On the waterfront, there’s an exuberant statue of the singer Domenico Modugno who was born here: it sums up the vitality and creativity of this lovely town, where poetry is written on stone steps and wooden doors, summer festivals celebrate books and art, and ice-cream comes highly recommended! The most scenic spot is from the impressive arched stone bridge with views down to the beach and across to the dramatic clifftop Old Town, where the annual Red Bull Cliff Diving competition takes place.
Straight out of a fairy tale, Puglia’s most popular tourist attraction is a must-visit for its charm and UNESCO-heritage status. Limestone trulli houses are unique to the region and Alberobello, in the unspoilt Valle d’Itria, has about 1,500, many painted with Christian and pagan symbols to protect them from evil. Away from the main trulli village, the Corso Vittorio Emanuele, which leads down from the impressive town church, is lined with a tempting collection of upmarket boutiques, bars and restaurants.
Another gem of the Valle d’Itria with its share of whitewashed houses and grand churches, Cisternino marches on its stomach more than most. A member of Cittaslow, inspired by the Slow Food movement, it holds a number of food festivals in August and is famous for its bombetta pugliese, street food cooked and served by the town’s butchers. To blend in with the locals, follow their lead and take a sociable evening stroll or passeggiata, with an aperitif in the main square.
Rising up on a hill above an otherwise flat landscape, with its gothic cathedral marking the summit, the whitewashed stone of ‘The White City’ sets it apart from the plain of olive trees below, beyond which is the Adriatic Sea and a number of exclusive resorts. Put your map away and explore the labyrinthine lanes of the Old Town, designed to perplex invaders, or follow the main street for boutiques and souvenirs. The Piazza Libertà is a great place to sit and watch the world go by.
The outskirts are far from glamorous, but cosmopolitan Bari, home to Italy’s fourth largest opera house, captivates with its ‘big city’ energy, and the picturesque Old Town or Bari Vecchia offers history on a grand scale. There, an impressive Romanesque cathedral and basilica vie for attention, near a formidable medieval castle, and, when you need a break from strolling and sightseeing, good food is readily available, from on-the-go snacks to fine dining. There’s also a seafront promenade which leads to the modern shopping district.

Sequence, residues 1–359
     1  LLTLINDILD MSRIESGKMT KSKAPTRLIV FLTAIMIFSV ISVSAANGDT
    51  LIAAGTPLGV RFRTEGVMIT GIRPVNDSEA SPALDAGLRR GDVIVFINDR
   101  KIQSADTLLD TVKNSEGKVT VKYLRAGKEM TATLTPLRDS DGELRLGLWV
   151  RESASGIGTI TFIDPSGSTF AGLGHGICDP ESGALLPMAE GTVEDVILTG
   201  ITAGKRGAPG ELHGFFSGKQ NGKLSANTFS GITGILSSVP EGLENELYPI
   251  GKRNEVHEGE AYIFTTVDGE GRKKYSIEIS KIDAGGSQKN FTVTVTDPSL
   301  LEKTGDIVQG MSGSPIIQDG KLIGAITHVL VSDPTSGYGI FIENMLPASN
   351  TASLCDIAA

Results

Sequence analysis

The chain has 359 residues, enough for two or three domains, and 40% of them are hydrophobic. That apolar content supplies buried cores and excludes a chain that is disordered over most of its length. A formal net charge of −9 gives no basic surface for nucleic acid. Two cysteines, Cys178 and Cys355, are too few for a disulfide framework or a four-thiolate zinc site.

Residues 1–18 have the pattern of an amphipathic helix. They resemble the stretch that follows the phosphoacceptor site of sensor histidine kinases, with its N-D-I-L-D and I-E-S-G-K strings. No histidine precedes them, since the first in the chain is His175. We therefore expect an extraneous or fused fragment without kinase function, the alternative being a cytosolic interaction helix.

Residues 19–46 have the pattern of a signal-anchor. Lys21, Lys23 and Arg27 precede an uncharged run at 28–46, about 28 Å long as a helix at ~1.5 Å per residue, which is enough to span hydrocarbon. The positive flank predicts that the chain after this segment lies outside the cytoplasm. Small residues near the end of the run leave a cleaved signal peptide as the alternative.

There’s no need to be adventurous in your exploration of Conversano. The main attractions are neatly gathered around the Piazza Castello, alongside a choice of bars and restaurants, including Michelin-starred Pashà. The castle, a jigsaw of architectural styles with a museum inside, is likely to be your first port of call and, illuminated at night, it makes a spectacular backdrop for dinner. In the heat of the day, slip inside the peaceful Romanesque cathedral or walk the impressive cloisters of the San Benedetto monastery.
An impressive Roman amphitheatre would usually be spectacle enough, but in the 17th century, architects brought Baroque to Lecce; the resulting churches, palaces and heavenly host of decorative cherubs offering an alternative view of history, including the fantastical Basilica di Santa Croce and the pale splendour of the Piazza del Duomo. Along with archaeological museums and a Norman castle, there’s a full day of exploring ahead of you, so sustain yourself with a morning coffee and a cream-filled pasticciotti pastry, another Lecce speciality.
Like a smaller version of Lecce, Nardò is a shining example of ornate Baroque architecture and also just 20 minutes from the charming port of Gallipoli and the Porto Selvaggio National Park. The beautifully elegant Piazza Salandra, the main square at the heart of the Old Town, comes alive at night, and after an early evening spent exploring winding streets and ancient churches or the frescoes in the cathedral around the corner, it’s an excellent spot to sample a glass of the local wine.